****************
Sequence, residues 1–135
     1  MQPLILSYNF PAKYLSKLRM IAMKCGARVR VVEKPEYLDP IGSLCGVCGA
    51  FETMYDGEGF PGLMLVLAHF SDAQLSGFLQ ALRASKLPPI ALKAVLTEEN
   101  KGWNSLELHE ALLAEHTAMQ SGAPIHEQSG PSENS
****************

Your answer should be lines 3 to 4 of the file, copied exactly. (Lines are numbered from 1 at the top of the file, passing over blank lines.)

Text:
    51  FETMYDGEGF PGLMLVLAHF SDAQLSGFLQ ALRASKLPPI ALKAVLTEEN
   101  KGWNSLELHE ALLAEHTAMQ SGAPIHEQSG PSENS